I have several different types I make. The one with just cheese (ricotta), I add sautéed spinach. It adds a pretty color, as well as needed nutrients. Sometimes I add a layer of pepperoni, which adds a nice flavor. Love lasagna!! One of my favorite foods.


I use noodles which are not labeled as pre-cooked, but I don't cook them, because it makes then harder to handle. Instead, I ladle hot water over each noodle after I place it in the pan--you can see them swell. It goes: tiny bit of sauce, noodles, ricotta/egg/herbs/Mozzarella mix (chopped spinach would be nice in here), meat sauce, repeat layers, then extra mozzarella and Parmesan on top. If my daughter weren't allergic to mushrooms, those would go in the meat/onion/garlic/tomato sauce.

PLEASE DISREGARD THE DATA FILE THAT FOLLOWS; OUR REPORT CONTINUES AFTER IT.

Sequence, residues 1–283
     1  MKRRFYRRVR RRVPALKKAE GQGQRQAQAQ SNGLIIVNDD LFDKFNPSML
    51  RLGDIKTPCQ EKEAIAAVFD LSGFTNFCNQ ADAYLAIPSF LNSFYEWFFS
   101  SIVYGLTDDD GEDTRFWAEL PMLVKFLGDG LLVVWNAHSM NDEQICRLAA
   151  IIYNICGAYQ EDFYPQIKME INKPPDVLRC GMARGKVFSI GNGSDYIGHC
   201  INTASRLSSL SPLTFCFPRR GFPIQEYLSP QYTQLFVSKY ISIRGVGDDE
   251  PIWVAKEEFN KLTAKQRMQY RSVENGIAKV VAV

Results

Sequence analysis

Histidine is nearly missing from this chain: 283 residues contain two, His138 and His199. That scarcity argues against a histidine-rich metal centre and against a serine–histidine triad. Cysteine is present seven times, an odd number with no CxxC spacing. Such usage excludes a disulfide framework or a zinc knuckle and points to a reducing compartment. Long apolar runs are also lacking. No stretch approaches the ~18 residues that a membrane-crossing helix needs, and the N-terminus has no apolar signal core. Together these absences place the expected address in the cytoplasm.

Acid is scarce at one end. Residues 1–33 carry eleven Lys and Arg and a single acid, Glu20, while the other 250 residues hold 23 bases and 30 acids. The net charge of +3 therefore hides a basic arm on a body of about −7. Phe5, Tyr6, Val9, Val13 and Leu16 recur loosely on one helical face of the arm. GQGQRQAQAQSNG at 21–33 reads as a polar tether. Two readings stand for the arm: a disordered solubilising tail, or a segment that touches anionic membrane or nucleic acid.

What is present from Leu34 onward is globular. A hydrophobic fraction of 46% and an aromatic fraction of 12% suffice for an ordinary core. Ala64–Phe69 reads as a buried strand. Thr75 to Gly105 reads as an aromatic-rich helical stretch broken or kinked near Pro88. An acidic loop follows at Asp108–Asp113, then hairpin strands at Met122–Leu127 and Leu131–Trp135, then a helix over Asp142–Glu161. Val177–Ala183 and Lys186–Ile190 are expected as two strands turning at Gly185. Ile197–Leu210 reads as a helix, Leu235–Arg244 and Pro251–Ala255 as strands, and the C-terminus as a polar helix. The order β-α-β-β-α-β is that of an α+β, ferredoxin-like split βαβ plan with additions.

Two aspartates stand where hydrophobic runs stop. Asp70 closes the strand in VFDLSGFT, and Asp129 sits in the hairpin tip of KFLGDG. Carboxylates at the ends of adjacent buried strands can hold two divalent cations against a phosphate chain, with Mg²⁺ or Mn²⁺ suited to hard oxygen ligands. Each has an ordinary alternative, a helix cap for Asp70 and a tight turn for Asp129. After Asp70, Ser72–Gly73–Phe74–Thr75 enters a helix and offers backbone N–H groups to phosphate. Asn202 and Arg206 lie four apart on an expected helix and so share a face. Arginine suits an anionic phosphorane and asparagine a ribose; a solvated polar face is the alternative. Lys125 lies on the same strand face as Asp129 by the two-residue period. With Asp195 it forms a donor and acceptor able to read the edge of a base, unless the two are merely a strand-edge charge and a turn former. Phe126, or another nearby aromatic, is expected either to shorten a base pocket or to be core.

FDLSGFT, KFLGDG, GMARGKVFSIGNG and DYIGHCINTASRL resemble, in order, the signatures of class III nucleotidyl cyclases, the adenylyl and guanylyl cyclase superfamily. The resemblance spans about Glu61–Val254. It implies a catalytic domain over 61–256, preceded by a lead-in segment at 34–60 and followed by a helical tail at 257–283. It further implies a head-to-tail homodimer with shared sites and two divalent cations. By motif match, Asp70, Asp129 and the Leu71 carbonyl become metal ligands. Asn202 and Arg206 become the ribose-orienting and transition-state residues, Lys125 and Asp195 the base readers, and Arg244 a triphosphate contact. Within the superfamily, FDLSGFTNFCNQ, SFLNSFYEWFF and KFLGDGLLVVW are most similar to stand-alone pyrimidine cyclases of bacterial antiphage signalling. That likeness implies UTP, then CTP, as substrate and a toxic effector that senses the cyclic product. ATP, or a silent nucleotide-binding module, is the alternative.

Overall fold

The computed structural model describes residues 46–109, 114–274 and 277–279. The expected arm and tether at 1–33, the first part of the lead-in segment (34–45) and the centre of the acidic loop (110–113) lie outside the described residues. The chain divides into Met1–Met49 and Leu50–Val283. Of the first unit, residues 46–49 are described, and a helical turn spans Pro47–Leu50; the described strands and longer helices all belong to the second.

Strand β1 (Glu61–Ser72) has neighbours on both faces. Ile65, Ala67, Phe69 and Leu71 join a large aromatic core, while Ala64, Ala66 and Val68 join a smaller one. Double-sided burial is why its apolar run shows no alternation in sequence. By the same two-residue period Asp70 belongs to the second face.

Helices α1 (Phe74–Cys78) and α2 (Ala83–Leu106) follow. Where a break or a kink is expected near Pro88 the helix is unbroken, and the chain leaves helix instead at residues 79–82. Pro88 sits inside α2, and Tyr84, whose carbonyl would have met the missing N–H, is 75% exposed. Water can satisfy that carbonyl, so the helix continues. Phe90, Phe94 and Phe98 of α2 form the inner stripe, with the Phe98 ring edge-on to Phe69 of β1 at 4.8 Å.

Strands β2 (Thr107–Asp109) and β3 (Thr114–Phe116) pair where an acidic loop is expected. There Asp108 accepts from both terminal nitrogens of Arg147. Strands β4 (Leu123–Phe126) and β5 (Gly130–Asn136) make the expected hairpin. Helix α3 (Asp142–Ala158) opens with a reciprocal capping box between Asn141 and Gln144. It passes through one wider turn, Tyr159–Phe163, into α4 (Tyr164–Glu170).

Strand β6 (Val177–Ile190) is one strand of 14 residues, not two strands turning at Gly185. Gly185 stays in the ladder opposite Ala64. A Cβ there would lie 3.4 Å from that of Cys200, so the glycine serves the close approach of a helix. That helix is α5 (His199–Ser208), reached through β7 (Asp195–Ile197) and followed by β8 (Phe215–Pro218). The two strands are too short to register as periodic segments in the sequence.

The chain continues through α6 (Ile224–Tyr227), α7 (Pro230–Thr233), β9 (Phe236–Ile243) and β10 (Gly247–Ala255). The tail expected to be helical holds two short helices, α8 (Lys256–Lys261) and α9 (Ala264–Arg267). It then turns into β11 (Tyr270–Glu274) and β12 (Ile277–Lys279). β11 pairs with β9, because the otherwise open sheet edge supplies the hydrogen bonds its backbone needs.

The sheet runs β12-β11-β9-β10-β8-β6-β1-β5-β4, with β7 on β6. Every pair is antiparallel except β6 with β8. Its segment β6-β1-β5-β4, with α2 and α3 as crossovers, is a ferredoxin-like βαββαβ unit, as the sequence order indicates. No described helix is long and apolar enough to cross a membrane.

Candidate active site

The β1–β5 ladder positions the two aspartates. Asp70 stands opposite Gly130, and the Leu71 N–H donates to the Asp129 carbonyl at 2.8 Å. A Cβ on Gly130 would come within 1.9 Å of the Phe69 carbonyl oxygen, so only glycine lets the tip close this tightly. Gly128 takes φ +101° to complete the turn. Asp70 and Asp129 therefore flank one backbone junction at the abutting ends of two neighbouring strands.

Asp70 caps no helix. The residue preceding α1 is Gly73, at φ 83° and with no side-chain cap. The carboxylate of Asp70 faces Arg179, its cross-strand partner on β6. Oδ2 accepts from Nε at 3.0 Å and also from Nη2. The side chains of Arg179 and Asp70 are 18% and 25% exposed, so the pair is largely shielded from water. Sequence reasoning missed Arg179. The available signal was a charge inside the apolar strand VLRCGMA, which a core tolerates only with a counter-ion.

Hi, Kristi
I was going to go to Amazon through FWAD but could not see how to do it with your new format. Do you still have that relationship with Amazon?

Kristin Espinasse

Hi Leslie.  Thanks for asking.  Yes,  you can find the link on the Books page (link is on the navigation bar at the top of my blog). I appreciate it!

Trina, St. Petersburg, Florida, USA

I'm still a little confused. If we go to BOOKS at the top of your blog, it does bring us to your page of books for sale via Amazon. If one continues to search for and buy items other than your books, by beginning on that page, is that how you receive credit? Or I am missing some other link? Thanks.

Kristin Espinasse

Hi Trina,
Any link that I put in my newsletter that takes you to Amazon is coded. I will get a small commission,  via the Amazon Associates program, at no extra cost to the buyer. I need to add an Amazon banner,  for those readers who have been looking for a way to help support French Word-A-Day.  I appreciate it.


On dit "cette lasagne" et non "ce lasagne"!